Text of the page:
Based on company filings with the state, the K&E president’s full name is Edward Klementowicz Sr. There are no consumer complaints against K&E, but there are more than a dozen judgments and liens against the company. And Edward Klementowicz Jr. is listed as K&E’s vice president. That’s Tarheel’s Ed Jr., who has 45 judgments and liens against him personally.
We called both Eds to ask them about the American Legion job.
Neither Ed returned our multiple phone calls or emails.
“That’s par for the course,” Martorano said, noting America Legion will reluctantly take Kay to court if the work isn’t completed.
The lack of a completed job is not only leaving the new building unprotected, it’s costing American Legion additional money.
Since March 11, 2011, the group has been paying a monthly fee to the Passaic Valley Water Commission–more than $2,500 so far–for fire line service even though the fire protection system is not operating and remains unfinished.
“If Ed completes the job it’s probably better for us,” he said. “It’s difficult to get someone else to sign off on Ed’s work. We’ve tried and the contractors are reluctant to do it because they didn’t put it in, and they don’t want to have any problems down the road.”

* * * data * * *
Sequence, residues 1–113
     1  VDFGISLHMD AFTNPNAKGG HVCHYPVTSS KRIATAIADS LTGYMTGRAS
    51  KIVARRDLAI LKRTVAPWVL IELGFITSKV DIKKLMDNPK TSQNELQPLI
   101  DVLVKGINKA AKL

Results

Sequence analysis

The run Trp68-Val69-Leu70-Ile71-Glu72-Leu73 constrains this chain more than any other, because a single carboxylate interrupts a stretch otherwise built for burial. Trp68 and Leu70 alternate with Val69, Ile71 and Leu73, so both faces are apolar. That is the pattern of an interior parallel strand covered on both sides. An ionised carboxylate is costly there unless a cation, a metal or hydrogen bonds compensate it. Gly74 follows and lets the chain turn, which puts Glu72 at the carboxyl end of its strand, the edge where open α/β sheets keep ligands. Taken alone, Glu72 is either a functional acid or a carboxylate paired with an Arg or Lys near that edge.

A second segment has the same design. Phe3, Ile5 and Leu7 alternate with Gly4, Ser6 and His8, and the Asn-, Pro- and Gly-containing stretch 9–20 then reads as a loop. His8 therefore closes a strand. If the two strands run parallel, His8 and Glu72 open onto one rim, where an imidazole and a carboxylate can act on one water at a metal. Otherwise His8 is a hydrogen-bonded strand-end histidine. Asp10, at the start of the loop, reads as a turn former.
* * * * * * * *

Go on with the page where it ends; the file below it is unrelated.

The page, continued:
Come on, Messrs. Kay. Step up and finish what you started, and what you were paid for.
A THANK YOU
American Legion said it had many good souls who donated time, supplies and labor to its rebuilding efforts, and we wanted to say thank you, too.
Allied Building Products of Rutherford donated all the interior sheet rock needed for the building.
Volunteers from the International Brotherhood of Electrical Workers Local 164 in Paramus donated all the labor to install the electrical work in the building and the area lighting in the parking lot.
Volunteers from the United Association of New Jersey, Plumbers Local 24 of West Caldwell donated all the labor to install the plumbing throughout the building.
Also, there were donations from American Legion, Veterans of Foreign Wars posts, friends of American Legion Post 136, other contractors and civic organizations, which offered money and services, Martorano said.
Good souls, indeed.